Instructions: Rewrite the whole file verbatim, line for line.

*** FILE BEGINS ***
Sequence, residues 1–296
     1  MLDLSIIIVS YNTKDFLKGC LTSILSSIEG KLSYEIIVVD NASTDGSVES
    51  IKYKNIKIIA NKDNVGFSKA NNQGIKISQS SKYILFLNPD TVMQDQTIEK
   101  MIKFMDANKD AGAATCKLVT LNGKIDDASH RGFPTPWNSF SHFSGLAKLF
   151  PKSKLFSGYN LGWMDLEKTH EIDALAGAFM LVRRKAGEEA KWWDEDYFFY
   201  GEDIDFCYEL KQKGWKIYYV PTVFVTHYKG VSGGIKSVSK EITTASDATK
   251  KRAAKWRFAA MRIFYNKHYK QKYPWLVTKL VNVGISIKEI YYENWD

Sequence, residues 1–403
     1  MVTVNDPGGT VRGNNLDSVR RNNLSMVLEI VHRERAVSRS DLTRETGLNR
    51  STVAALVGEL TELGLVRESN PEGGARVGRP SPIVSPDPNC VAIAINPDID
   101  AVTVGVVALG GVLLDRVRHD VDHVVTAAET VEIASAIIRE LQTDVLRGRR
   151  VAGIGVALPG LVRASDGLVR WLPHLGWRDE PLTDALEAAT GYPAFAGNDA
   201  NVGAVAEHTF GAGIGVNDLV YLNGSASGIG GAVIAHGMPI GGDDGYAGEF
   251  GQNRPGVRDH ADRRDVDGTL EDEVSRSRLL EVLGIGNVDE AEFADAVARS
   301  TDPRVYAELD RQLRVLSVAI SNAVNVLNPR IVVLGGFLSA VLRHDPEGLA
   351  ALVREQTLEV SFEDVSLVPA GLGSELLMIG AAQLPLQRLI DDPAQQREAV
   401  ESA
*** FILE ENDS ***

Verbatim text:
Sequence, residues 1–296
     1  MLDLSIIIVS YNTKDFLKGC LTSILSSIEG KLSYEIIVVD NASTDGSVES
    51  IKYKNIKIIA NKDNVGFSKA NNQGIKISQS SKYILFLNPD TVMQDQTIEK
   101  MIKFMDANKD AGAATCKLVT LNGKIDDASH RGFPTPWNSF SHFSGLAKLF
   151  PKSKLFSGYN LGWMDLEKTH EIDALAGAFM LVRRKAGEEA KWWDEDYFFY
   201  GEDIDFCYEL KQKGWKIYYV PTVFVTHYKG VSGGIKSVSK EITTASDATK
   251  KRAAKWRFAA MRIFYNKHYK QKYPWLVTKL VNVGISIKEI YYENWD

Sequence, residues 1–403
     1  MVTVNDPGGT VRGNNLDSVR RNNLSMVLEI VHRERAVSRS DLTRETGLNR
    51  STVAALVGEL TELGLVRESN PEGGARVGRP SPIVSPDPNC VAIAINPDID
   101  AVTVGVVALG GVLLDRVRHD VDHVVTAAET VEIASAIIRE LQTDVLRGRR
   151  VAGIGVALPG LVRASDGLVR WLPHLGWRDE PLTDALEAAT GYPAFAGNDA
   201  NVGAVAEHTF GAGIGVNDLV YLNGSASGIG GAVIAHGMPI GGDDGYAGEF
   251  GQNRPGVRDH ADRRDVDGTL EDEVSRSRLL EVLGIGNVDE AEFADAVARS
   301  TDPRVYAELD RQLRVLSVAI SNAVNVLNPR IVVLGGFLSA VLRHDPEGLA
   351  ALVREQTLEV SFEDVSLVPA GLGSELLMIG AAQLPLQRLI DDPAQQREAV
   401  ESA